Six Cores, Twelve Threads of Computational Prowess

Intel's high-end CPUs based on the Sandy Bridge-E architecture were released late last year and remain the most powerful chips available to mainstream consumers. Using the LGA 2011 socket rather than LGA 1155, there are four SBE SKUs available. Anand reviewed the initial two chips released, and the entry level hex-core model, the Core i7-3930X, remains the most compelling value. Bench details how it stacks up against the Core i7-3770. The quad core Core i7-3820 doesn't perform substantially better in terms of raw computation than the LGA 1155 Core i7-3770, but it does allow you to take advantage of the 2011 platform's benefits, such as support for up to 64GB of DDR3 RAM and four full-sized PCIe lanes.

ASUS' P9X79 PRO performed very well in Ian's tests, and is an extremely feature-rich board. We're including 64GB of memory here, mostly because we can—if you don't use that much RAM in your workflow, there's no need to buy this much DDR3. We've also stepped up the SSD capacity to 240GB, which will accommodate large file manipulation, such as editing RAW image, HD video, and some database files. We're also including a 2TB Western Digital Green drive, though as with the RAM, you might need more or less storage depending on what you do with your workstation.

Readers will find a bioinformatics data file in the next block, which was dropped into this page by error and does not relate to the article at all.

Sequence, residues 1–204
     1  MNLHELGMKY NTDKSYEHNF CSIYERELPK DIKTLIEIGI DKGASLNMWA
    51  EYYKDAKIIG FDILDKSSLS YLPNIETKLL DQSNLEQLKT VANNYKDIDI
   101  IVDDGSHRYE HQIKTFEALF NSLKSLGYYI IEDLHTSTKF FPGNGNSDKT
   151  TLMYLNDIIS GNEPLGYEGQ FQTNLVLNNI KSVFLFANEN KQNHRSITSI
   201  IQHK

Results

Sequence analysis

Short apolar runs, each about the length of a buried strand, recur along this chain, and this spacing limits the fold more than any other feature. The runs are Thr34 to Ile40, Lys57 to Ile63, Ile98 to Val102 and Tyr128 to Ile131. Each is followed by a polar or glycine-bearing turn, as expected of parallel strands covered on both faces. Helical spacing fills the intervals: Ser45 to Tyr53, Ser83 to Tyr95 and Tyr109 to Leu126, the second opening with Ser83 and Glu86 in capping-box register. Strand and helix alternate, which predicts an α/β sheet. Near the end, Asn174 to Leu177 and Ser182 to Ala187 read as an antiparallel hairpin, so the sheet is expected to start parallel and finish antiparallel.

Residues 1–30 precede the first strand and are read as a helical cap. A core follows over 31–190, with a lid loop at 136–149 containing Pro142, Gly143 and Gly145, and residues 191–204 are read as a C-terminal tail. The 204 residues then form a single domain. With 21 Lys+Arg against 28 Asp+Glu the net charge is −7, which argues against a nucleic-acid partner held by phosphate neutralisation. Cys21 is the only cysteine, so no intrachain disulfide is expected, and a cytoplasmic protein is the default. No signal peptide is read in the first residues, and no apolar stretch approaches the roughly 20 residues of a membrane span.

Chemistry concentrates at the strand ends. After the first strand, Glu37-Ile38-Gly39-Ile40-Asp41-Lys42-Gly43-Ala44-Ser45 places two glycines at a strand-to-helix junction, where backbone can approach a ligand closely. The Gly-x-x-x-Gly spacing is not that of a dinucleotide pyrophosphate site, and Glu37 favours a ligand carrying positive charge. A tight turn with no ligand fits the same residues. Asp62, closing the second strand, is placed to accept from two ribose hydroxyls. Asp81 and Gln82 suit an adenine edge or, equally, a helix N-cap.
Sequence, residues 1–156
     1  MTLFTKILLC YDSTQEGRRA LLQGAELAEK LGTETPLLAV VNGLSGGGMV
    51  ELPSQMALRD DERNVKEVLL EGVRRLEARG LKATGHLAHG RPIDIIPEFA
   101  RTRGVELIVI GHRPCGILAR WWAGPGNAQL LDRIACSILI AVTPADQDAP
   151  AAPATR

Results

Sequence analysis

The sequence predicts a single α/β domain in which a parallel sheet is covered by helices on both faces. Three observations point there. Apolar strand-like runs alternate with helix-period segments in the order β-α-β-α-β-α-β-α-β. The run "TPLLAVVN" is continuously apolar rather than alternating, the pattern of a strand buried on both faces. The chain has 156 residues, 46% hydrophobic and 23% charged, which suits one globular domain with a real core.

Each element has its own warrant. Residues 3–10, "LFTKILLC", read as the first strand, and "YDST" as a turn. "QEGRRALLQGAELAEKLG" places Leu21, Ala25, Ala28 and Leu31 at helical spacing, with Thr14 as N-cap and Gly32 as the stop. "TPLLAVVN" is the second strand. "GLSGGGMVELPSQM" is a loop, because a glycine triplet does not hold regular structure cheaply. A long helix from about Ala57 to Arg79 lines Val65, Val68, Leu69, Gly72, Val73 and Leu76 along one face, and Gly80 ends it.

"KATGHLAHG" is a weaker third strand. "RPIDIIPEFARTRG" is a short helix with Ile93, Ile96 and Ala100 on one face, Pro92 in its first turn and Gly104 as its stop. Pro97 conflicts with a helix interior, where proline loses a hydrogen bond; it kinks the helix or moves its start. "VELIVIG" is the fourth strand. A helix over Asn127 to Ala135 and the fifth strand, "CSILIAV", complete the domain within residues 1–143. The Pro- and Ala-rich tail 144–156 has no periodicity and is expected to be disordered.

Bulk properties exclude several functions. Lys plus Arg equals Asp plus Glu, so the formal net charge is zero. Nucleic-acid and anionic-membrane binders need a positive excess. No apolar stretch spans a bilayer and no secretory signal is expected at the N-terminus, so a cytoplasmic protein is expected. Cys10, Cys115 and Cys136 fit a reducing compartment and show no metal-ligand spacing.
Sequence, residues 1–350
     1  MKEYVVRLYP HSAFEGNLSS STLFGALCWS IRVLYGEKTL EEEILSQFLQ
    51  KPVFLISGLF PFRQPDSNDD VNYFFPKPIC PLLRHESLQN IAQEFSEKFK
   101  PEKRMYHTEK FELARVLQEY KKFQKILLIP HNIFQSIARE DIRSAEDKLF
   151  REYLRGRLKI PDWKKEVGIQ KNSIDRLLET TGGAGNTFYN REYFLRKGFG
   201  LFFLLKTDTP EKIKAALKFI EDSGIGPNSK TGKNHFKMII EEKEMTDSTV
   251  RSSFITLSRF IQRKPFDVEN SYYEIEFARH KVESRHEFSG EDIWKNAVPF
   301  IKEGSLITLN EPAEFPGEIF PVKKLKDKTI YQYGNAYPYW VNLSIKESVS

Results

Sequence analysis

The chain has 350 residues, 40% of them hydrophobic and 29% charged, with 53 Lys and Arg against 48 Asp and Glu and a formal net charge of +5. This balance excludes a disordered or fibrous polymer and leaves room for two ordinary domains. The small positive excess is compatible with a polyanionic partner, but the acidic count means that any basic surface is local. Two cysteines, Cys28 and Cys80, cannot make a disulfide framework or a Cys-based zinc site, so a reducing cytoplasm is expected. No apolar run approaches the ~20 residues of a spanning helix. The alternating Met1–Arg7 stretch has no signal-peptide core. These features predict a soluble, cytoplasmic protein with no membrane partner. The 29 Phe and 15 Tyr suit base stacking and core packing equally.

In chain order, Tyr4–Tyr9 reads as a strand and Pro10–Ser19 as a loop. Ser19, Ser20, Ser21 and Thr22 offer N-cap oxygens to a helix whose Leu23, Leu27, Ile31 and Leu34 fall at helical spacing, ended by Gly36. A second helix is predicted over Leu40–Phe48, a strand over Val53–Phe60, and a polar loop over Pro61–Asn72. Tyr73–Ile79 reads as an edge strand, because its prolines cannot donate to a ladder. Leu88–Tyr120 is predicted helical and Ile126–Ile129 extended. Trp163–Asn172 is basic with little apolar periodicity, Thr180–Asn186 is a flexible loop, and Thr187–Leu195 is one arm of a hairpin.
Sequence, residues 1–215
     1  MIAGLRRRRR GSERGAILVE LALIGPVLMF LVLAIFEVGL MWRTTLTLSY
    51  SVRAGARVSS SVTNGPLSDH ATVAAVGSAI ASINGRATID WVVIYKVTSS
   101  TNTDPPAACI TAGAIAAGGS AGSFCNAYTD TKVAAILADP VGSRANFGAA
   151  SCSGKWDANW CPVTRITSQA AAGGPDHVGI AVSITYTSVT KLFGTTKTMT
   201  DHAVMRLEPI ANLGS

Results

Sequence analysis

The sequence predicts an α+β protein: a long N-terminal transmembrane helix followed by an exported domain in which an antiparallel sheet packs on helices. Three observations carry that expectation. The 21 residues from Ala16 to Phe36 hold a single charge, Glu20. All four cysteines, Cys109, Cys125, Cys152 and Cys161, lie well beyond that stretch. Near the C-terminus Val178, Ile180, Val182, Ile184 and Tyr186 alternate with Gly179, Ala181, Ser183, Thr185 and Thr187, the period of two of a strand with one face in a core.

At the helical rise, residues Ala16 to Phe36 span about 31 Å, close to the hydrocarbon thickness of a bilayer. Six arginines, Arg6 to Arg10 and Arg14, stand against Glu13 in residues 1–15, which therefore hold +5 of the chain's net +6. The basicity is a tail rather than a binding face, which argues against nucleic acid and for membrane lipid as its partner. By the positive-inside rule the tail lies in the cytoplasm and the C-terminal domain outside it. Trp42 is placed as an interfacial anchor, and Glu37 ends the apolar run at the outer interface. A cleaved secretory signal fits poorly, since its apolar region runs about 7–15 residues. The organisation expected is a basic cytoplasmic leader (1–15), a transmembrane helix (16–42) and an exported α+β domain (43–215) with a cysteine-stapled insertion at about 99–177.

Sandy Bridge E CPUs neither come with integrated on-die graphics nor a heatsink, so you'll need to include at least one discrete GPU in your build as well as decide on what kind of cooling to use. Corsair's Hydro series offers simple liquid-cooling up to the task of cooling 130W TDP SBE CPUs. We're recommending the recently updated H60, but if you want more aggressive cooling, you can step up to the H80 or H100.

If you're not interested in GPGPU computing, a single GeForce 210 GPU will suffice, and that's what we're listing in our main table. If you want something more potent, AMD and NVIDIA both have their selling points, and for mainstream work you could go with either the Radeon HD 7970 or the GeForce GTX 680. Sapphire's 3GB 7970 starts at around $370, with mail-in rebates bringing it down to $350; the least expensive 2GB GTX 680 is from Galaxy and will set you back around $440 ($420 after MIR). Of course, implementing multiple GPUs for GPGPU is straightforward given the P9X79 PRO's ample PCIe lanes.

For those that want true workstation level graphics, the AMD vs. NVIDIA debate tends to be far more lopsided in favor of NVIDIA. We're still waiting for the "Big Kepler" Quadro card (it seems all of the GK110 chips are currently selling out in the Tesla K20/K20X cards), but even the GK104-based Quadro K5000 is extremely potent without using too much power. If your use case still benefits more from AMD's GCN architecture, AMD's FirePro S9000 typically costs less than the NVIDIA competition while still providing compelling performance.